Do you need an executor for a will?

One of the most important things that we can do in life is ensuring that our loved ones are looked after to the best of our abilities when we die. For most people, this involves the writing of a will – a document that stipulates what will happen to our estate when we pass away.

Legally speaking, the term ‘estate’ refers to everything that we own. So, estate planning can range from property and land, to money, to pets, art, and through to small items with a lot of sentimental value.

Writing a will is one of the most important things that you will do in your life and having an executor of your will is an important factor in this process.

What is an executor of a will?

The executor of a will is essentially the person who deals with your estate after you pass away. They are a person or people who are appointed by you to look at your will and ensure that everything that you have stipulated in it, happens.

You have a complete choice over who is the executor of your will, but it must be someone (or some people) that you believe to be capable of doing it and who you trust implicitly.

What does an executor of a will have to do?

The executor of a will has several duties to carry out when you pass away. Depending on the details of the will this can be a relatively simple task, or it can be a big, complicated job. Some of the duties of an executor of a will include:

  • Following the directions as set out by the deceased – including their wishes for burial or cremation
  • Collecting all of the deceased person’s assets
  • Applying for a grant of probate (a document that gives them legal authority to deal with the estate of the deceased)
  • Identifying those who have been named as beneficiaries in the will
  • Closing building society or bank accounts of the deceased’s estate
  • Taking responsibility for the deceased’s assets and ensuring that these are received by the intended beneficiaries
  • Dealing with the sale of any of the deceased’s property and ensuring that the best price is received for it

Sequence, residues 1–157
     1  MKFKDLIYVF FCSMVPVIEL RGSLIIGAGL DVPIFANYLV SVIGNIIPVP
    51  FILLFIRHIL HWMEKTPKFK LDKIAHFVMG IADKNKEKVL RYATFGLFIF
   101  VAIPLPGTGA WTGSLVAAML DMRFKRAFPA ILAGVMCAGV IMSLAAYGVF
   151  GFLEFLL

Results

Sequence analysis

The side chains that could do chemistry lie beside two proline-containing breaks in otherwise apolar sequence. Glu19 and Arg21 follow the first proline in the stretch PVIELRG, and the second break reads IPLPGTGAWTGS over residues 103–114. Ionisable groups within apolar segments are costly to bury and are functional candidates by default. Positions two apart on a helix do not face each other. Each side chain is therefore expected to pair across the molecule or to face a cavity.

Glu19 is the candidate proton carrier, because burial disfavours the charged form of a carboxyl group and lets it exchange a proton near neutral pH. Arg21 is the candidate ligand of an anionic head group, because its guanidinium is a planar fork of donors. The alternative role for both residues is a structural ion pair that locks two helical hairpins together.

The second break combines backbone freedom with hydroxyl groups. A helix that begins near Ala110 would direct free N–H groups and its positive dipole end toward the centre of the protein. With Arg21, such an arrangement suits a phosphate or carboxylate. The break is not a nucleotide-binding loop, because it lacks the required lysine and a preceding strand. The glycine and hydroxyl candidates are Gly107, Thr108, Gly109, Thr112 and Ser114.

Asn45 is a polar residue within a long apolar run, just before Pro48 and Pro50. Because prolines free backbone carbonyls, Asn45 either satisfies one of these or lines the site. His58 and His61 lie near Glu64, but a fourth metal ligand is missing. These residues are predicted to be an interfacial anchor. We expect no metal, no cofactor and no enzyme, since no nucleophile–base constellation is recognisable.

• Making sure that the correct payment of Inheritance Tax, Capital Gains Tax, or Income Tax is paid
  • Ensuring that any outstanding debts have been paid

Who can be an executor?

Choosing the right executor for a will is an important decision. It is a role that can potentially take up a lot of time and also takes a lot of responsibility.

The most important things to consider when you are deciding on who to appoint as the executor of a will is that they are capable of doing it and that you completely trust them to carry out your wishes.

Most people will choose either a family member(s), a solicitor(s), or a combination of both, to be the executor of their will. By choosing more than one person to be the executor, you can allow each of them to use their strengths and skills in different areas to ensure that the job gets done as quickly, fairly, and accurately as possible.

The executor will take care of all of the detail surrounding the will, as well as resolve any disputes that may occur, so your person (or people) of choice must be able to do this.

Before you appoint someone as the executor to your will it is important that you discuss it with them first to ensure that they are happy with your decision and to take on this responsibility

Family member as an executor

Many people choose a family member to be the executor of their will as they know that it is a person that they will be able to trust completely. They also will not need to pay them but often a gift is left in the Will to recognise the amount of work that will be carried out.

Often adult children, nieces, nephews, or siblings are chosen as an executor. If you choose to appoint your spouse or civil partner as your executor, should the marriage end, they will no longer be named as your executor (unless you stipulate otherwise).

Solicitors as an executor

Some people decide to appoint a solicitor as the executor of their will. They will be a professional with experience of dealing with wills often on a daily basis and can ensure that the process happens quickly, efficiently, and fairly. They are also in a good place to resolve any disputes as they will be impartial.

A solicitor will normally be paid either a percentage of the value of the estate, or by the hour according to how long they spend on the job.

What if I can’t appoint an executor?

In some instances, people cannot appoint an executor of their will. In this case, a Public Trustee can be used to organise your affairs but only in limited circumstances. A Public Trustee is a government official who will take responsibility for your will should you have no alternative executor, but you should contact them at the time you make your Will to explain your circumstances.  When you have died, then they will decide if they can act.

It is always best to appoint someone of your choice as the executor in your Will rather than leave it to chance.

How do you appoint an executor?

After you have decided who to appoint as the executor of your will and have checked with them that they are happy to do this important role, you simply should supply their name and address to a Solicitor who can write this into your will.

Contact Waldrons Solicitors

Here at Waldrons, we have a team of experienced will solicitors who can help you. Contact us today to discuss your circumstances.

More information on Wills and Probate

Back to all Insights